Gillibrand defends calling for Franken's resignation: 'I would stand by those women again'

Sen. Kirsten GillibrandKirsten GillibrandWhite House, Congress near deal to give 12 weeks paid parental leave to all federal workers Bloomberg on 2020 rivals blasting him for using his own money: 'They had a chance to go out and make a lot of money' Harris posts video asking baby if she'll run for president one day MORE (D-N.Y.) on Tuesday doubled down on her decision to call for former Sen. Al FrankenAlan (Al) Stuart FrankenThe job no GOP senator wants: 'I'd rather have a root canal' Take Trump literally and seriously in Minnesota Ninth woman accuses Al Franken of inappropriate contact MORE (D-Minn.) to resign, saying she "would stand by those women again."

“For my part, I chose to stand by eight women,” Gillibrand told SiriusXM host Zerlina Maxwell on “Signal Boost” on Tuesday. “I would stand by those women again. I value women, so my position is really clear.”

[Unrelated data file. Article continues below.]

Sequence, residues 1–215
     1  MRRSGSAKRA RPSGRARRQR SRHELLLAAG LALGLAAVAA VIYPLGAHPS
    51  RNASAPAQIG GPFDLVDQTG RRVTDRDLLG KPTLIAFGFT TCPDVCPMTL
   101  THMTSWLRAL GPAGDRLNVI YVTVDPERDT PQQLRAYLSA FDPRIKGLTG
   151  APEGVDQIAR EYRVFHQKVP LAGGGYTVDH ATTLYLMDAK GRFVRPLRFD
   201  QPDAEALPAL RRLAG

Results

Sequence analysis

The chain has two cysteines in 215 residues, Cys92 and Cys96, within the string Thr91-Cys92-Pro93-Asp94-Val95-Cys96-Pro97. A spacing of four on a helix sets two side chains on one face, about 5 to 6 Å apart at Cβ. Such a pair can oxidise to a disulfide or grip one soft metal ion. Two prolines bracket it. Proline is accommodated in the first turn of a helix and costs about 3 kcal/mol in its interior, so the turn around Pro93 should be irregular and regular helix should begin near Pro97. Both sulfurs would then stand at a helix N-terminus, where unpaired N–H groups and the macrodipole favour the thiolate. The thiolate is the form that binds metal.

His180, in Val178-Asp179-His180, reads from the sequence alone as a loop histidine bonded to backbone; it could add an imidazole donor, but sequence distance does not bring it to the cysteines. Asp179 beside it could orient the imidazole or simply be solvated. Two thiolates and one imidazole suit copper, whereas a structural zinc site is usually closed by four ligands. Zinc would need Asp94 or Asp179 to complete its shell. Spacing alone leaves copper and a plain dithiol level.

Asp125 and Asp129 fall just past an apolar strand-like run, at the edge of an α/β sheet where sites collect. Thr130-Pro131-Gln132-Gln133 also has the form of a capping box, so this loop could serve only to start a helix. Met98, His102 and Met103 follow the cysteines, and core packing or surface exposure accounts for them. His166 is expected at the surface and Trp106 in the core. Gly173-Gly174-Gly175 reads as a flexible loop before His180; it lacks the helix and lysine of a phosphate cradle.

Her remarks came in response to comments by fellow Democratic presidential contender, South Bend, Ind., Mayor Pete ButtigiegPeter (Pete) Paul ButtigiegBiden: Buttigieg 'doesn't have significant black support even in his own city' Warren says she made almost M from legal work over past three decades Biden rallies with John Kerry in early primary states MORE, who said Monday that he would not have been as quick to call for Franken’s ouster.

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During a Monday night town hall on MSNBC, Buttigieg, who did not name Gillibrand, said he “would not have applied that pressure” to Franken before a full investigation.

The way Franken’s Senate Democratic colleagues "basically held him to a higher standard than the GOP does their people has been used against us,” Buttigieg said, adding, "I think it is not a bad thing that we hold ourselves to a higher standard.”

Gillibrand responded to Buttigieg's comment later Monday night, saying in a statement that “it was Senator Franken’s decision alone to leave the Senate — a path he ultimately chose — but for many senators, including myself and others in this primary field, that was not too high a of a bar to raise our voices and make clear we value women."

Franken resigned in January 2018 amid allegations of inappropriate conduct from eight women. Gillibrand, who was the first senator to call for Franken's resignation, also defended her decision in March, saying she "stood up for women who came forward" in doing so.